an editorial about our public realm
September 3, 2014
The untenable state of disrepair of streets and sidewalks in Los Angeles has prompted City Council to consider reinvestment in this paramount, but aging city infrastructure. To support the long-term sustainability of this once-in-a-generation undertaking, AIA|LA strongly suggests incorporating measures that are both integrative and provide multiple benefits from this imminent multi-billion dollar undertaking.
The need to remedy L.A.'s street and sidewalk paving is unquestionable: poor road conditions jeopardize traffic safety and efficiency; crumbling and buckling sidewalks make them inaccessible to those who rely upon them most urgently; and poorly thought-out crosswalks and intersections put pedestrians' and cyclists' lives at risk on a daily basis. However, these are not our streets' only challenges.
Today, Los Angeles, in many places a highly urbanized metropolis, faces demands upon its infrastructure that are fundamentally different than those of 50, 30, or even just ten years ago. Historically our streets have been viewed as serving the needs of the automobile. However the automobile is ‘us’, people, and how we use the streets has become so much more nuanced (or layered). While we continue to need streets to accommodate vehicular traffic, a rapidly growing population seeks a lifestyle that includes walking, bicycling, transit - a lifestyle where our streets are places of encounter and destinations in themselves.
Furthermore, L.A.'s streets prove gravely challenged as the city's primary storm drain system. Currently, streets capture, flood, pollute, and then drain into the ocean millions of gallons of valuable water. At a time where California water is a scarce and coveted resource, modifications to street infrastructure could instead help replenish aquifers.
We find ourselves at a fortuitous civic moment in which the pragmatic need to repair our streets coincides with the impetus to address the equally inseparable needs of livability and environmental and economic sustainability. It is AIA|LA's opinion that to rise to the challenge and to address these inextricable demands L.A.'s leaders must look beyond simply repaving the existing street network and create the multi-use, common open space resource that this modern and evolving city needs.
AIA|LA recommends the following actions:
- First, combine roadway repairs with the installation of multi-benefit infrastructure. Combining roadway repair onto infrastructure changes provides substantial cost savings. Through careful allocation of capital resources, the city can cost-effectively address both safety and sustainability concerns as it undertakes street repairs.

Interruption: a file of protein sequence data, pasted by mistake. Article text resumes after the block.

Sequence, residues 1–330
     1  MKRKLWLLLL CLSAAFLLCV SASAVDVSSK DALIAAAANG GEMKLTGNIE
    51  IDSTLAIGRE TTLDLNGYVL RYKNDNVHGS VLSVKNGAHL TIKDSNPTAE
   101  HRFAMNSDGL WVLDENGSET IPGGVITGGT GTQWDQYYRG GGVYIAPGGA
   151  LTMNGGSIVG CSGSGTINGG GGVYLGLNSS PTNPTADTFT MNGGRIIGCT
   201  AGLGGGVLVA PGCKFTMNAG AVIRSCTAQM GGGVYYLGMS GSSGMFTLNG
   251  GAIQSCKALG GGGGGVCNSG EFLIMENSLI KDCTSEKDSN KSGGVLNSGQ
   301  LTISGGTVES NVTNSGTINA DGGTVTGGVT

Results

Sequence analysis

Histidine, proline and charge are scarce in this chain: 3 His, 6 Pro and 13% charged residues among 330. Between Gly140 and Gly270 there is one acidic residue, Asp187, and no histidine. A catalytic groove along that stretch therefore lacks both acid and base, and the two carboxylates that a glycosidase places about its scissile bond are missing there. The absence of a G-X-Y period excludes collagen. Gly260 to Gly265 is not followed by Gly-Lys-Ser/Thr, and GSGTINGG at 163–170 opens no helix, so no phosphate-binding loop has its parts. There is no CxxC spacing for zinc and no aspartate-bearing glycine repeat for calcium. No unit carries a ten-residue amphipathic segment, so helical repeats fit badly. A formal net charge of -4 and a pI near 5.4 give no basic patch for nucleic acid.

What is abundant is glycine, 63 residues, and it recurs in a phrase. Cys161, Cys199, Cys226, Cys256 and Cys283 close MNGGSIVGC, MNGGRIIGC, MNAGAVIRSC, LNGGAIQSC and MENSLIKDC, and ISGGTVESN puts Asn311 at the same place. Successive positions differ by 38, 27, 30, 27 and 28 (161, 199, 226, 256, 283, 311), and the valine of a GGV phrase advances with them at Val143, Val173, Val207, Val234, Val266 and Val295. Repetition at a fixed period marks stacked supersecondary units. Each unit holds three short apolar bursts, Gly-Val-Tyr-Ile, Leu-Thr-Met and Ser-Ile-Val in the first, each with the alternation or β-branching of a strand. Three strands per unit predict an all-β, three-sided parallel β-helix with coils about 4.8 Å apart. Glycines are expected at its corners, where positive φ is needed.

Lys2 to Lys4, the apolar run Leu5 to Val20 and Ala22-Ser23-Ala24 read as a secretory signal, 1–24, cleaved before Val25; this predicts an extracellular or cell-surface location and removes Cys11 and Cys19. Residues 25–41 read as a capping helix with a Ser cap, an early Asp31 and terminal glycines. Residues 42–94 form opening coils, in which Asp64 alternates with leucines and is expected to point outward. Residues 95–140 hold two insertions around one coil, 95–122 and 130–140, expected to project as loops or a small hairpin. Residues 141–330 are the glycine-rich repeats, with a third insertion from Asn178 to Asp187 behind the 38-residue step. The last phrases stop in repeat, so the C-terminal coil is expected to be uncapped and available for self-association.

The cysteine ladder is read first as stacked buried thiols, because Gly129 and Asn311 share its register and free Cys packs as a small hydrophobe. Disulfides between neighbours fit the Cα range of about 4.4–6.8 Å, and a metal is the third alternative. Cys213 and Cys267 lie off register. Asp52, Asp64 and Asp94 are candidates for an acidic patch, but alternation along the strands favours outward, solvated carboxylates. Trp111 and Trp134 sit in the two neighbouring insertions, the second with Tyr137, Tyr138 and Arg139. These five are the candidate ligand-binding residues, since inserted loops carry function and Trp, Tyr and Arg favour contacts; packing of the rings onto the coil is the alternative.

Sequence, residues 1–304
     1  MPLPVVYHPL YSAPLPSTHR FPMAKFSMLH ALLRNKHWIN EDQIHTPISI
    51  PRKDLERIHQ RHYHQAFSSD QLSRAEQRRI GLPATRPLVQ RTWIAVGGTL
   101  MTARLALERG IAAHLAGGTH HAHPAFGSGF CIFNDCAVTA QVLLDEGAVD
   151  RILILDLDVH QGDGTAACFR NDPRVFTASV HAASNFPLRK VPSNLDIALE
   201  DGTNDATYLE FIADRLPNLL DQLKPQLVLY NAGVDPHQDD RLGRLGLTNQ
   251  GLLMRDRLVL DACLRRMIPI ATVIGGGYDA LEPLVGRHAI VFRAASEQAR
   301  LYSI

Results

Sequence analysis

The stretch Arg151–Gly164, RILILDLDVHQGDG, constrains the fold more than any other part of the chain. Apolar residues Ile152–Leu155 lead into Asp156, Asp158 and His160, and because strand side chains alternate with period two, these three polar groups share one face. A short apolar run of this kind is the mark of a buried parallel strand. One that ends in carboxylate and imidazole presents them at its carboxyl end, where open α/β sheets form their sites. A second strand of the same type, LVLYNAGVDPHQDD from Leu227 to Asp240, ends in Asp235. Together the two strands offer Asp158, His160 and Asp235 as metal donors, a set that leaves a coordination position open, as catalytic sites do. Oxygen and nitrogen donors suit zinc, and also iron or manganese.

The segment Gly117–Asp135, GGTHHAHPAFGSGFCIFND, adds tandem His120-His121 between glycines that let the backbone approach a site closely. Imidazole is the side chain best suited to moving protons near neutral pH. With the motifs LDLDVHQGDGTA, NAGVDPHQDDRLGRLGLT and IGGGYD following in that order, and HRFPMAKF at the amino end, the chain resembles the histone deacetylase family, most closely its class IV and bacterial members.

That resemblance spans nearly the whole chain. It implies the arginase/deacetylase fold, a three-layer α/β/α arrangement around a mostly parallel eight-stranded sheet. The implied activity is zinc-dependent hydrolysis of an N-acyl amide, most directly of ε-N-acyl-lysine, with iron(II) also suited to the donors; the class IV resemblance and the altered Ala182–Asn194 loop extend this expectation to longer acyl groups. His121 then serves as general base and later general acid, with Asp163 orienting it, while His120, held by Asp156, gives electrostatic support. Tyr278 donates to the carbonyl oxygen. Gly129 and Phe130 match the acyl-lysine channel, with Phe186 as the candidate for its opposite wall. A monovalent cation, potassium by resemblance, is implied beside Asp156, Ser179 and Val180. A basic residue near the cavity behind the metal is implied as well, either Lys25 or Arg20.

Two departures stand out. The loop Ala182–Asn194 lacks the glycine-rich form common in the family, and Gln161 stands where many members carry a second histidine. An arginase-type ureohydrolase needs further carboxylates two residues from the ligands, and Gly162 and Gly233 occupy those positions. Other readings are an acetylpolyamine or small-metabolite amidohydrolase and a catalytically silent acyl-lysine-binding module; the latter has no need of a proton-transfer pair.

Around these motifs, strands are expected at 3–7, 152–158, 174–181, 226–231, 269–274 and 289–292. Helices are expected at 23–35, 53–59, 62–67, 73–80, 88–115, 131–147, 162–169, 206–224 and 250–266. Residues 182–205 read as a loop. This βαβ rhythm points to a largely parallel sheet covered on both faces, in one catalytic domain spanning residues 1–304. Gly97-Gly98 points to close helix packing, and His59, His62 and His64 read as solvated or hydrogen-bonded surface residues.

- Second, examine street improvements through the multi-focal lens of traffic efficiency, safety, multi-modal access, and livability. While maintaining traffic efficiency is important, modest measures like converting excess roadway into wider sidewalks, planting street trees, placing pervious paving, bike lanes can help transform streets to meet demands beyond those of vehicular traffic capacity.
- Third, in locations of high pedestrian and bike traffic and in particular within a defined radial area around METRO transit nodes, provide extensive urban design changes. These can include reconfigured vehicle travel lanes to allow wider sidewalks and dedicated bike and pedestrian ways, intensive street tree planting, pedestrian street lighting, pervious paving, and amenities from a palette of precedents like bike corrals, parklets, rain gardens, or sidewalk cafés. To supplement physical changes we recommend simplifying code and variance processes to allow sidewalk commercial activities and, where appropriate, increased density, to further encourage active streets and sidewalks.
- Fourth, AIA|LA supports the Streets of the Future Coalition's suggestion to establish a green ribbon committee to establish criteria, evaluate potential projects, and means of economically implementing urban design improvements. This committee would include urban and environmental design professionals, along with appropriate administrative and agency representatives and members of the business community.
The AIA|LA stands ready to support civic leaders as we work together to see the long-term benefits to improving our public realm and built environment.
Very truly yours,Gwynne Pugh, FAIA – Chair, AIA|LA Political Outreach Committee
Martin Leitner, AIA – Chair, AIA|LA Urban Design Committee
Chava Danielson, AIA – Past-Chair, AIA|LA Political Outreach Committee
Gerhard Mayer, AIA – Past Chair, AIA|LA Urban Design Committee
Katherine Spitz, AIA, ASLA – Political Outreach Committee
Will Wright, Hon. AIA|LA – Director, Government & Public Affairs – AIA Los Angeles